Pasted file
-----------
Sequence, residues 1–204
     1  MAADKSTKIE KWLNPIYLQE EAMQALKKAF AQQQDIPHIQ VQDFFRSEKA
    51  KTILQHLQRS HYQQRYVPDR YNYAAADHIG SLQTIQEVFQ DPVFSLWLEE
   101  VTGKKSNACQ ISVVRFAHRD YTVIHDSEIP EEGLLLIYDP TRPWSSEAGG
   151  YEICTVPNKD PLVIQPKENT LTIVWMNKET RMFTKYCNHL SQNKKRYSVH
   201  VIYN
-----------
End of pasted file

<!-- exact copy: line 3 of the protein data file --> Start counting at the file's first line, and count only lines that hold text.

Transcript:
    51  KTILQHLQRS HYQQRYVPDR YNYAAADHIG SLQTIQEVFQ DPVFSLWLEE